While the improvements are certainly welcome, this story doesn’t stray far from what makes the last game’s story great. Just like the last game, this is a dog-eat-dog world, and nothing any of the characters do is in any way likable or good. Kane and Lynch still aren’t friends (though props to Lynch for at least trying at the start of the game), and their alliance is solely held up by the fact that they need each other to survive. The few allies Lynch has either end up dead or they betray the two the second it became a slight inconvenience to be around them. The one person Lynch cares about, his significant other, ends up brutally killed, and he starts to lose it from there. The duo can’t go a few minutes without ending up in another gunfight, and any time they try to complete any deal peacefully it ends with death. The two are shot at, tortured, and ultimately end the game with them on an airplane leaving to somewhere. The only ally the two really have in this game is the cameraman following them, and even he doesn’t follow them on the plane, instead just dropping down to the ground when the plane leaves almost like he’s given up on life or is just too exhausted to keep following the two. Even as the game shifts from seedy back alleys and sweatshops to the upper floors of skyscrapers; the violence, muck, and trail of blood follows the two.
Glazer, Lynch’s boss, is a businessman, and Lynch is his pawn. When that pawn started getting heat, he decided it would be much easier to get rid of the pawn than protect his own.
Similar to the scene of Kane’s wife dying in Dead Men, there is one scene that pops out to me in this game, and that is the beginning. After a simple job turned into a long shootout, the two end up cornering the man they were chasing down. He comes out of corner shooting at them, holding his girlfriend as a meat shield. Shots were traded back and forth, and only the girlfriends catches some of the bullets. Later in the story, the girl is revealed to be the daughter of a high ranking political officer, which is ultimately the cause for all of Kane and Lynch’s problems for the rest of the game. When the girlfriend died, the man pulled out a knife without any hesitation and slit his own throat. Much like Kane accepting his own wife’s death, this man found death to be the better option than dealing with the world they live in. For him, it was easier to simply give up and die than to try and run away or fight for his innocence because he knows that death will be better than whatever the men above him will do. This is why this series is so special to me. Many other games are about the scrappy underdogs fighting against a larger threat or at the very least fighting the good fight and not giving up, but not this game. Kane and Lynch don’t fight to win; they fight to survive, and in a world full of villains (including themselves), that is all they can do.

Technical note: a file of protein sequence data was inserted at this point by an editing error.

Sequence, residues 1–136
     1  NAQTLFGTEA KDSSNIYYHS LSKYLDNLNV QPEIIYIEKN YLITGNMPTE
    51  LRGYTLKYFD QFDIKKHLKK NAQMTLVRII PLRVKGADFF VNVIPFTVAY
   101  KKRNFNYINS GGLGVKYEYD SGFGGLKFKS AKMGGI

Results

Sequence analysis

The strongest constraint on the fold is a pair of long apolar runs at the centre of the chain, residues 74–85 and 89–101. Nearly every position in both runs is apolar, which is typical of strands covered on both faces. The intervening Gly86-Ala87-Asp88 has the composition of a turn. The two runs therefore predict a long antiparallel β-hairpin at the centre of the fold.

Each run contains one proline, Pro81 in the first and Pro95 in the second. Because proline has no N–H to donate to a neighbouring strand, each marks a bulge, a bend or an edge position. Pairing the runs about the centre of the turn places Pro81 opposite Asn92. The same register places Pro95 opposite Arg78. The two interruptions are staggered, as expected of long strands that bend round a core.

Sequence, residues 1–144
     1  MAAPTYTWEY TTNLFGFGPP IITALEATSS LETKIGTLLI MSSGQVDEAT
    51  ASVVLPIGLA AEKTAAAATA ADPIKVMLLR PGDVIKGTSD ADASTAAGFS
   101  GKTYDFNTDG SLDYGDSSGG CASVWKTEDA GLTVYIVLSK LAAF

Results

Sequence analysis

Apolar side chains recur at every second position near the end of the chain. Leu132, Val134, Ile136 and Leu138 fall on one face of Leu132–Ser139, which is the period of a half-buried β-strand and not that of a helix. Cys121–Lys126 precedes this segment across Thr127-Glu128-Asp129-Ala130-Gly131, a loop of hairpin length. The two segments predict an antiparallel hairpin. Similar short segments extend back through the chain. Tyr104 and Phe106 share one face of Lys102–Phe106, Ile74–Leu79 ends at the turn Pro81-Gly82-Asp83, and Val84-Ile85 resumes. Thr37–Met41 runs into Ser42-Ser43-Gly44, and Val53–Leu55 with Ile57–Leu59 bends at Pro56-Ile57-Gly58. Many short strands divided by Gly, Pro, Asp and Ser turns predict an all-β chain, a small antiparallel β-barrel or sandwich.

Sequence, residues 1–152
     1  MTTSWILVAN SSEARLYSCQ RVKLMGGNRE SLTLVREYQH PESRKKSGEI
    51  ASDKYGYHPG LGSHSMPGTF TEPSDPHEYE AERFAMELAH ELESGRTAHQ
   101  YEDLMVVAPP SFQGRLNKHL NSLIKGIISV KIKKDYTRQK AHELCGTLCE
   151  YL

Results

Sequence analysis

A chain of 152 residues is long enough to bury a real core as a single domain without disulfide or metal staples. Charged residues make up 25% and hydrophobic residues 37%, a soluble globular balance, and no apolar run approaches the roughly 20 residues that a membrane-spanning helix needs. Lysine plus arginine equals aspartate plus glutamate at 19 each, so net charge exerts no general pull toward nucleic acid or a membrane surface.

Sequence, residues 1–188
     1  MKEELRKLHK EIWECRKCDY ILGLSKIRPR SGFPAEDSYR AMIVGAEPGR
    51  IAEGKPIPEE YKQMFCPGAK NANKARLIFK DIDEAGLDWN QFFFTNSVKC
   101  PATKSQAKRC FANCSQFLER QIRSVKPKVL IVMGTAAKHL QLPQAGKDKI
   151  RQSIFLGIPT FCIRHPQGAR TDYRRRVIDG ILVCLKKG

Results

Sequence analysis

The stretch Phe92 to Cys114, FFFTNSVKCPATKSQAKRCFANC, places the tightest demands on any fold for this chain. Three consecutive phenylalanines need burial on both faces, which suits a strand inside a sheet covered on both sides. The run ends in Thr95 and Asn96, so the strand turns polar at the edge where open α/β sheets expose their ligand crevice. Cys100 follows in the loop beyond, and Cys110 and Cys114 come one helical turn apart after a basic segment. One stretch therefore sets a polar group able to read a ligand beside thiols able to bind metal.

Just like the rest of the game, the combat is better this time around, but it still keeps true to Dead Men. Cover and reloading is now manual, shooting is a lot tighter, gas cans can be thrown and used as an explosive, there is a way wider range of weapons, weapons stay the same between levels which helps with cohesiveness, enemies can be used as meat shields, and there is a downed state mechanic where getting too much damage results in Lynch going downed, but he picks himself back up whenever. Combat is overall better this time around, but I also did have some issues with it. Bullets that hit humans show up as hit markers, which I think is a bit too gamey for this experience. Speaking of which, there are a couple of high-blockbuster moments like a chopper gunner scene that I think is antithetical to Kane and Lynch. There’s also some frustrating level design here-and-there to look out for, but overall I think the pros outweigh the cons.